# Quantum vacuum nothing or sea of energy

1. Nov 7, 2012

### osman ibn ali

I always thought that the quantum vacuum was absolutely nothing. But I have heard that the quantum vacuum is not nothing and contains energy although it is the lowest state of energy. I am not talking about the fluctuations rather I am talking about the vacuum itself. Also do quantum fluctuations have causes or do we adopt an in deterministic interpretation??

2. Nov 8, 2012

### Sonderval

The vacuum in QFT is a superposition of different field configurations. You can compare it to the ground state of a harmonic oscillatorin the following way:
Consider one fourier component phi(k) only.
phi(k) is the classical amplitude of the field. It corresponds to the x-coordinate in teh ground state of the H.O.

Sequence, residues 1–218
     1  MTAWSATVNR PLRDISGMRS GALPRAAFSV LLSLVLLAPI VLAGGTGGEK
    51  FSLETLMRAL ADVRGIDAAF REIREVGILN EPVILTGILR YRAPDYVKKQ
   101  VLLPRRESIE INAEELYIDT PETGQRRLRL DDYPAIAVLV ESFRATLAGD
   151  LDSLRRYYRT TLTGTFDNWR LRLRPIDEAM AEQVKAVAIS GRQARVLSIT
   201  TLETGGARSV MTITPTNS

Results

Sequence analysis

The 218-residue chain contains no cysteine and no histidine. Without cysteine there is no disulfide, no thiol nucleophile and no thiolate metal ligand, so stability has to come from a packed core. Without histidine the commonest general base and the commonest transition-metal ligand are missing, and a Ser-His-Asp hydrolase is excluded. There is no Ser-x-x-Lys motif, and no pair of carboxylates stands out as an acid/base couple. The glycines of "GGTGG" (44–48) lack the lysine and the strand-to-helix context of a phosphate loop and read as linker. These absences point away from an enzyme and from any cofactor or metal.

In the H.O. ground state, the x component has a probability distribution that looks like a Gaussian function - there is a prob. to find the particle at position x given by this distribution.
The same holds for the field amplitude: There is a gaussian distribution to measure any field amplitude, centered at an amplitude of zero and falling off to larger values.
Similar to the zero-point energy in the H.O., this non-vanishing of the probability for an amplitude that is not zero gives you a zero-point energy.
For the full vacuum, you have to consider all possible k-values, this is why you get very large (unphysical) values for the zero-point energy.

Quantum fluctuations are a slightly different thing - in a free field theory, there are no fluctuations (there can't be because the vacuum is Lorentz invariant, so there is no reason for a fluctuation to be "here" and not "there"). In an interacting theory, you can imagine that the interaction "measures" the field amplitude and thus "realises" a fluctuation; exactly in the same way as you could measure the particle in the H.O, ground state and realise a non-zero position. Similar to the measurement problem, there is no way to determine the actual outcome of such a "field measurement".